Good morning, Greater Sudbury! Here are stories to start your day on this Friday morning.
Delayed ‘Lasalle Elementary School’ jumps in price by millions
Construction on a new 387-space junior kindergarten to Grade 6 Rainbow District School Board elementary school under construction on the same site as Lasalle Secondary School has run into delays as well as cost escalations that have added millions to its original price tag. The school is now expected to open in September 2023, a year later than originally planned. It will accommodate students from Ernie Checkeris Public School, Carl A. Nesbitt Public School and Westmount Avenue Public School. The original funding approved by the Ministry of Education in August 2017 was $12.6 million. However, the cost has now escalated to approximately $17.1 million. The Rainbow board said the economic environment has changed significantly over the past five years, and the board applied for more funding from the ministry as the project progressed due to increased costs for materials, unique site work and COVID-19. The Ministry of Education has since increased its funding contribution to $14.1 million, and the board has put in a request for another $908,475 to help defray increased project costs due to COVID-19. These costs include increases for materials, PPE, additional supervision and social distancing. The board has yet to receive any confirmation on this possible source of funding. Construction on the school also ran into a snag due to soil instability issues in the fall of 2021, which is responsible for the construction delay, as well as tacking another $2.1 million onto the project’s costs. The board is dipping into its own proceeds of disposition fund to cover these costs. When schools are declared surplus and subsequently sold, the revenue generated by the sale goes into a reserve, which can be used to offset the costs of new construction. Read the full story here.
Future of fire halls called to question in upcoming report
A municipal report is currently being drafted to help city council map out the future of the city’s emergency services system, which might include the potential consolidation of certain services. After catching wind of some of the report’s contents, Beaver Lake Fire and Services Committee chair Ralph Prentice expressed concern in recent correspondence with city council. Given his organization’s work to “enhance the western entrance to Greater Sudbury,” which includes welcoming tourists, access to emergency services and showcasing the area’s history, he wrote that “much, if not all” of what they’ve been working toward might now be at risk. That is, he clarified, “if the information now being revealed is true.” Learn more here.
Sudbury high school students welcomed at mining conference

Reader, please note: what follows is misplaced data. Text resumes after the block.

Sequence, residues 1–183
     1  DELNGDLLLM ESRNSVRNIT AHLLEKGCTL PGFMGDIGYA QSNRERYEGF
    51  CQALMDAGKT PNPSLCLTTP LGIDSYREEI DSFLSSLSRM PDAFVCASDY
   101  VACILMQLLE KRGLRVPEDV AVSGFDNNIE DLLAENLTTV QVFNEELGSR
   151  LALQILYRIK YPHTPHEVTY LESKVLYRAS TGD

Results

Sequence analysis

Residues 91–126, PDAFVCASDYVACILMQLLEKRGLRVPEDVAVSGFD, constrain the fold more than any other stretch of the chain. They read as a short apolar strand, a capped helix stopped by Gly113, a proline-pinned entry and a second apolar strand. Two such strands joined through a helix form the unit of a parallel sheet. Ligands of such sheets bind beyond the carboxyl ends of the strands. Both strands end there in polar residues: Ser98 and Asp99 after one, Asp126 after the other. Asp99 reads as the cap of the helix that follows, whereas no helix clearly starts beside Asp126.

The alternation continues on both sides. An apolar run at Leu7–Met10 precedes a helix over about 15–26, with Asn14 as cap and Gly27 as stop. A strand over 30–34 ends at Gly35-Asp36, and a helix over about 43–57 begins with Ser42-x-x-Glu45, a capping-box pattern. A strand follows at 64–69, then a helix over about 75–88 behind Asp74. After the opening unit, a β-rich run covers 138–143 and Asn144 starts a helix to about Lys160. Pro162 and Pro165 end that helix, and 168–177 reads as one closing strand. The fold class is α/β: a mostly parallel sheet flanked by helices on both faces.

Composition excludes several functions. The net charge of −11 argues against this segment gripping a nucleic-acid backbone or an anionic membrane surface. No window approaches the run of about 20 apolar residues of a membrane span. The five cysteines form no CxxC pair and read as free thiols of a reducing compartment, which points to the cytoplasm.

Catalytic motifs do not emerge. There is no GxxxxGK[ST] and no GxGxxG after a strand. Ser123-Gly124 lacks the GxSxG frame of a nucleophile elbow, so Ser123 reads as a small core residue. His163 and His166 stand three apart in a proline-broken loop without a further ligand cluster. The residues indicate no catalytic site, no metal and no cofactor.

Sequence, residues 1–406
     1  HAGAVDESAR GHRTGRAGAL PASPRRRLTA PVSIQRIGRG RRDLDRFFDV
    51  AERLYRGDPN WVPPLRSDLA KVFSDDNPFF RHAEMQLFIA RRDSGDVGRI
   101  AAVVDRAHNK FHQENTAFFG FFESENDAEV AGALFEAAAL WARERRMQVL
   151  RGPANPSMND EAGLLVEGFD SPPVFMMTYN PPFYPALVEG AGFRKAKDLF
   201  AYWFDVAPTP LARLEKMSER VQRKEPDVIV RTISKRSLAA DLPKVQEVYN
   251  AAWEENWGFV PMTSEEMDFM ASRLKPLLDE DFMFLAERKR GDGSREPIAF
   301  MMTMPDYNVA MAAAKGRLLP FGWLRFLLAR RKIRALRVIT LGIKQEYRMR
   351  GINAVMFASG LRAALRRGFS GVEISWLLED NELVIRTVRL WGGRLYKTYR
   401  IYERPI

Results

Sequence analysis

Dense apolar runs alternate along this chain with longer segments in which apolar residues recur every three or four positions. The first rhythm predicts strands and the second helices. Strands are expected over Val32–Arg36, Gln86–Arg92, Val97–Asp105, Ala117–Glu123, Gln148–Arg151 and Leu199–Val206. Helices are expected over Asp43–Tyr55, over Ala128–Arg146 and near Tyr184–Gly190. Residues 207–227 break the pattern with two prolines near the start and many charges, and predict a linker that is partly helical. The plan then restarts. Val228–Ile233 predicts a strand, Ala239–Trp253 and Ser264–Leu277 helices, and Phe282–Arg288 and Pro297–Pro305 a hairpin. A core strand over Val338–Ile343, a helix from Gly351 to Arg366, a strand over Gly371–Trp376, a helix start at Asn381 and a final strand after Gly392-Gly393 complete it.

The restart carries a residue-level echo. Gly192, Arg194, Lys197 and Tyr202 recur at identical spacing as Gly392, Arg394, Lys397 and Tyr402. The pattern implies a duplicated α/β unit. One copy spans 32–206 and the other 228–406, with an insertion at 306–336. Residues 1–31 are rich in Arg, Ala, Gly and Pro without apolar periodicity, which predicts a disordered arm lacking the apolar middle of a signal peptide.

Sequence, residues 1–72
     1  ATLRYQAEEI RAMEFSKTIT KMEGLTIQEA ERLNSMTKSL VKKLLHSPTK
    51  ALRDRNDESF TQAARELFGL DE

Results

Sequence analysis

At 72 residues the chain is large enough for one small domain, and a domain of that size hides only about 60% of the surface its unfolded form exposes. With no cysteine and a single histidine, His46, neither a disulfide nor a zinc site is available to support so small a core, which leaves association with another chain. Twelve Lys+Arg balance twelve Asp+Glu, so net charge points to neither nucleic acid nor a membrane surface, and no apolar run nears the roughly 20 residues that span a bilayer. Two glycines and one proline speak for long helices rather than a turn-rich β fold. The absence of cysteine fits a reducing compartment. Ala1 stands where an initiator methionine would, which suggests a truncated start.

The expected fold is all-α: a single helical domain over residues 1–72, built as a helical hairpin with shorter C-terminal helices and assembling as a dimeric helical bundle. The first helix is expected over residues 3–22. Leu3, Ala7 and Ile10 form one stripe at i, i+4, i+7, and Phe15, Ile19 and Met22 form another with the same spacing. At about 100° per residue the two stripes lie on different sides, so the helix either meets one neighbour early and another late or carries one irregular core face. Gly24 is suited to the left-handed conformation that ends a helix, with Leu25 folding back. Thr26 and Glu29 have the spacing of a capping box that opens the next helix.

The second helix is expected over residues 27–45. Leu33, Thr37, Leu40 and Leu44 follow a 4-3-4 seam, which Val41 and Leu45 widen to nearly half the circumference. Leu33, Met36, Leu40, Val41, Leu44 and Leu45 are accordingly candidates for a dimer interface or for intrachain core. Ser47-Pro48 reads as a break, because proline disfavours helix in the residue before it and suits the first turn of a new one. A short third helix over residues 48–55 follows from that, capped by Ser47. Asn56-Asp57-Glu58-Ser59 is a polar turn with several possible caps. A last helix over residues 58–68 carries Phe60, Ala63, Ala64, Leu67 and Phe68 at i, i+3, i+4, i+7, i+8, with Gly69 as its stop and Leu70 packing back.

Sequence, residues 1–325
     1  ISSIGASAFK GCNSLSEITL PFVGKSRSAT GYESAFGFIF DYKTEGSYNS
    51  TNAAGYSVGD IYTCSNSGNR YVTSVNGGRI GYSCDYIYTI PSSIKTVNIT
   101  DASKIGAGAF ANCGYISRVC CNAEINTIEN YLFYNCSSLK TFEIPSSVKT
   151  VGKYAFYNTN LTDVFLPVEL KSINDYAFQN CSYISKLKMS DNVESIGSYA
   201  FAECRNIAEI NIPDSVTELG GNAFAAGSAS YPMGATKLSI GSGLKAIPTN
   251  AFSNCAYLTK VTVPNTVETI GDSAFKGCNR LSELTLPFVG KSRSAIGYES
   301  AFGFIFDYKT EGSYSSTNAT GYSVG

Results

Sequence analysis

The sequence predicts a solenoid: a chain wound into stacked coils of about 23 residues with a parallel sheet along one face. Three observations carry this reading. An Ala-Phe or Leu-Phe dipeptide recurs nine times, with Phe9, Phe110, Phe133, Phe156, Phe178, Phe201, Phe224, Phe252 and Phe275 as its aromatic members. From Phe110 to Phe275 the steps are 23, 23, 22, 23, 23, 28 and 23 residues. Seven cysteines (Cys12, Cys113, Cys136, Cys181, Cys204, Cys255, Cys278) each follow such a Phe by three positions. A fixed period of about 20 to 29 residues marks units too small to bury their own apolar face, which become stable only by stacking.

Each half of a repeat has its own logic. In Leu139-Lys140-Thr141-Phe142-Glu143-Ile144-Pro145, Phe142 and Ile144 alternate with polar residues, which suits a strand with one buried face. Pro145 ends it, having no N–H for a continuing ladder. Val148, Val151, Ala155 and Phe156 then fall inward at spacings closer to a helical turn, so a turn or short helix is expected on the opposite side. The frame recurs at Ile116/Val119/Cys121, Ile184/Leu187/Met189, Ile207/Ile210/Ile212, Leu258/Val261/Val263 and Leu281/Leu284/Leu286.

At a mining conference that put an emphasis on the importance of attracting more young people to the mining industry, one local high school took the initiative to bring several students out to see what mining has to offer. The event at Science North was the Mine Operators and Maintenance Engineers conference, hosted by the Sudbury branch of CIM (Canadian Institute of Mining, Metallurgy and Petroleum). It was held Sunday, Monday and Tuesday. Teacher Christopher Dinnes of Lively District Secondary School said he was pleased to see how welcoming it was for the young people, especially at the trade show where the students met scores of representatives from technical companies and mining supply firms. Learn more here.
Mayoral candidates go digital with campaign websites
If you’re looking for information on Greater Sudbury mayoral candidates, you can check out their websites, with most candidates now having launched web pages. Among this year’s lesser-known candidates is Devin Labranche. His campaign website has been accompanied by a social media presence on which he posts videos of himself sharing campaign points at Greater Sudbury landmarks. His most recent video was filmed at the site of the old St. Joseph’s Health Centre building on Paris Street, which has been long-vacant and covered in a rainbow-coloured mural. In the video, he pledges to “work toward a synergy” between the city and Panoramic Properties, which owns the building, to get rolling on something the community can be proud of. “I think branding and marketing has been done a certain way, especially in politics and in Sudbury for some time, and no one’s really leveraged a certain means of getting out to people,” he said, adding that a strength in his campaign is reaching out to people online. A weakness in his campaign, he admitted, is reaching out to seniors, which he aspires to do during the Oct. 1 “Meet the Mayoral Candidates” event being hosted by the local chapter of the Canadian Association for Retired Persons and Sudbury Arts Council. Read the full story.
SSO brings Symphony Crawl to Science North Oct. 1
Sudbury Symphony Orchestra brings back its popular Symphony Crawl Oct. 1. The crawl takes place this year from 10:30 a.m. to 3:30 p.m. indoors at Science North. The event will introduce people to each of its concerts in its 2022-23 season, “Fired Up!” Throughout the building there will be eight different posts, at which one of Science North’s Bluecoats will demonstrate the link between science and music with the help of a number of different live music performances by SSO musicians. You can bring the whole family to get a taste of SSO’s upcoming concerts, get involved in some interactive activities, and learn a bit about the science behind the sounds. All these musical experiences are included in the admission to Science North.
Friday there will be a mix of sun and cloud. Wind northwest 20 km/h becoming light late in the morning. After a rather chilly day on Thursday, the temperature returns to a more seasonal high of 16 C Friday. UV index 5 or moderate. Friday night will be clear with a low of 6 C.